The line . . . we also skied the smaller couloir on the the right side of the photo.
This descent happened when I was young and had no camera or concept of taking pictures for memories. So thanks to Johnny and Martina for their photos, as well as John Scurlock’s aerial shots.
B.C.’s 15th highest peak, Serra 2 is in of one of the most geologically impressive ranges in B.C. The stegosaurus-like spines of Combatant, Tiedeman, Asperity and the Serras can be seen from great distances because they are anomalies on the Coast. A tight group of peaks that rise far above the surrounding ranges. The couloir we intended to ski on Serra 2 is at the southern end of the range, and can thus be seen from many points between Waddington and Vancouver. I had first spied the line in John Baldwin’s beautiful Coast Mountains coffee table book.
I Had the chance to go for the 1st descent in May 2002 with Johnny and Martina Franko. After a couple of nights at the Plumber hut on the Tellot Glacier, we headed up the shorter and steeper North Face. With a rope and some ice screws, Johnny lead the 3 or so pitches of ice to the top of our line. I seem to remember Martina only having 1 snow axe, and her having to balance her way up. At the top, our position in the range was superb. The ski down was amazing. Almost 5500 feet vertical of skiing! High 40′s most of the way down the top couloir, with the unending mellower slopes bellow. I recall at one point high on the line, having so much fun and making large turns with abandon, that I almost got taken out by my sluff. I was only 23 after all.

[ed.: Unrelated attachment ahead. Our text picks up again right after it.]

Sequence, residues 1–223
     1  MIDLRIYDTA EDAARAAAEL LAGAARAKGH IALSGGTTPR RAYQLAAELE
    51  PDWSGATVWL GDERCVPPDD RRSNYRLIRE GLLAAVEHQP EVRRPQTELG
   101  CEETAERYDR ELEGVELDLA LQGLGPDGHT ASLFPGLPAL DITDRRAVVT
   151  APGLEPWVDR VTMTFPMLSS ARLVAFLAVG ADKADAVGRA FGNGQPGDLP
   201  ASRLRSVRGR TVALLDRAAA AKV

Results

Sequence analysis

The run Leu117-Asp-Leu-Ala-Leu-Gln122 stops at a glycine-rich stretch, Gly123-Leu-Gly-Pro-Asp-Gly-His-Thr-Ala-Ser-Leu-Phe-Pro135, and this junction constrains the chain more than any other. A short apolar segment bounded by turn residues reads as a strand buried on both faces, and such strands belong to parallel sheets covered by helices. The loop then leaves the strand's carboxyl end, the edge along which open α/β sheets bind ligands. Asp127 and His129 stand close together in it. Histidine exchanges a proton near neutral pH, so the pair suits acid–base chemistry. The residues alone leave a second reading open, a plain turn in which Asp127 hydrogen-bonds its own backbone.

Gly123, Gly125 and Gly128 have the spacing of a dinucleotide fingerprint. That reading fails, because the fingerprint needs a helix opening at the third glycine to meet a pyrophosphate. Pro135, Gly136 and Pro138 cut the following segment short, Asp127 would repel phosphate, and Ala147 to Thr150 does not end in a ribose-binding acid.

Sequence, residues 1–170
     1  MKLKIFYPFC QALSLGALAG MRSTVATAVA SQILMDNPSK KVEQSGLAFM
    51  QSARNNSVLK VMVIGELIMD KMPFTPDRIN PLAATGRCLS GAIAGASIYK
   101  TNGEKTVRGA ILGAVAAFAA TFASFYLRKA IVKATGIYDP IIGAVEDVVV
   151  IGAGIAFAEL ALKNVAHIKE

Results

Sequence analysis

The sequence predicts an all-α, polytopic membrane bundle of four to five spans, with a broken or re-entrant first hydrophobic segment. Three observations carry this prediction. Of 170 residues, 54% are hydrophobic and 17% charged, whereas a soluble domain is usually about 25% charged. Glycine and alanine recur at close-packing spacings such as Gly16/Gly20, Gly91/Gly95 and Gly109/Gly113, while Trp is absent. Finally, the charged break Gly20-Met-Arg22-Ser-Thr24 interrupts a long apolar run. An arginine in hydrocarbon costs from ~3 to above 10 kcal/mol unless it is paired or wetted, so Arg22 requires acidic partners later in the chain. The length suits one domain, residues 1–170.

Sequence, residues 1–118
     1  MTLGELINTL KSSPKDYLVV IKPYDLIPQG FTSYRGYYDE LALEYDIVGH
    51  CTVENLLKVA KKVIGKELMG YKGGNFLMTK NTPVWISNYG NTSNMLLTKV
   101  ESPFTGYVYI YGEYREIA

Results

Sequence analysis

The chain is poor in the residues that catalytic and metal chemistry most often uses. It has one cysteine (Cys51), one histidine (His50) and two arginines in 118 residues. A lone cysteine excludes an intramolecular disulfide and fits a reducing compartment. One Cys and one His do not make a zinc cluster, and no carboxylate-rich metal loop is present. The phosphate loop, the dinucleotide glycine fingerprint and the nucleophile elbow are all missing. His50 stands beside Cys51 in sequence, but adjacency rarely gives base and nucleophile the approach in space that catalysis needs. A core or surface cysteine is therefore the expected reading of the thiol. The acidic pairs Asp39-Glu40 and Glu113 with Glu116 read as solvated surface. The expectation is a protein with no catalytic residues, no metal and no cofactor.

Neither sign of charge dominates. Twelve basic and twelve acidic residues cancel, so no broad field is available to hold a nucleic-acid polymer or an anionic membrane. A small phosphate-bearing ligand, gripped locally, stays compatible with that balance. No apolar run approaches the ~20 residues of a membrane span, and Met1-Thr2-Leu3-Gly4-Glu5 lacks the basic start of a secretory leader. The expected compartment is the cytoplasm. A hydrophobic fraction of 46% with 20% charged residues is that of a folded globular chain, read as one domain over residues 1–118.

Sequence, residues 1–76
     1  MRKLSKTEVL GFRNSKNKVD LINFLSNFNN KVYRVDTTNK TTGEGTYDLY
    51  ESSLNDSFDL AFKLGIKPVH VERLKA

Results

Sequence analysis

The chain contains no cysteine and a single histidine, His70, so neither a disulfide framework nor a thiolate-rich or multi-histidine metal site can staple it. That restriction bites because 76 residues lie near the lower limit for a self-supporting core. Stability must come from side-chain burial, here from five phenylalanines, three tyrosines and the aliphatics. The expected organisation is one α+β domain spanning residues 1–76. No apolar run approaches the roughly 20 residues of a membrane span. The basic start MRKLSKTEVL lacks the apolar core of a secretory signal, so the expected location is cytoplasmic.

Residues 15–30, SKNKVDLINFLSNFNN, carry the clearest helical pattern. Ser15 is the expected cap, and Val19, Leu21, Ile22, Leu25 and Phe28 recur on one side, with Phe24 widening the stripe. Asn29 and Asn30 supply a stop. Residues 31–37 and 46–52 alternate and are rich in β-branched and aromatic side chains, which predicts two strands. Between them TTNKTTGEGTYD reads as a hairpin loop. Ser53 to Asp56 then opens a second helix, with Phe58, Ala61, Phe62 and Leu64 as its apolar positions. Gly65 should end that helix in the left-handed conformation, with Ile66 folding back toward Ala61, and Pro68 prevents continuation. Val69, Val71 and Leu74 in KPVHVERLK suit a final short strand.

Martina's shot of me on the ascent made me an underwear model!
Looking down the North Facing ice line of ascent, Radiant and Scimitar Glaciers in the background.
Looking down the line towards the Tiedeman Glacier
Martina skiing in the upper couloir.
A subsidiary peak of Mount Logan (Canada’s Highest Peak (19,551ft) and Earth’s largest mountain), McArthur is situated in the St.Elias Range of the Yukon. Peaks like McArthur are so dwarfed by Logan’s massiveness, that all sense of scale is lost. Lines that look small, would be considered huge anywhere else in the World. The first ascent was in 1961 via the North Ridge. In 2005, Ptor Spricenieks and I chose this line for our attempted first ski descent of the mountain. Memories have faded, but I believe that we began with an early afternoon start and we’re back at maybe 5 am. Day light lasted until we reached the summit at midnight, and the sun slowly began to rise around 3am. We skied without headlamps at the darkest hour, but we definitely took our time negotiating the various cruxes. The visual highlight, was the ‘greatest sunset of all time’ due to forest fires raging in Alaska. Here are some pics.
Ptor starting up the knife-edge ridge
Me climbing the wonderful ridge below the crux.
Ptor climbing the ice-filled crux. He hauled his skis up later.
Skinning up the summit plateau in horrible light
Augusta (14,070 ft) on left, Logan's famed east ridge on right
Destroyed yet totally satisfied
Ptor on the summit. Cold and tired, no more pictures were taken after this shot.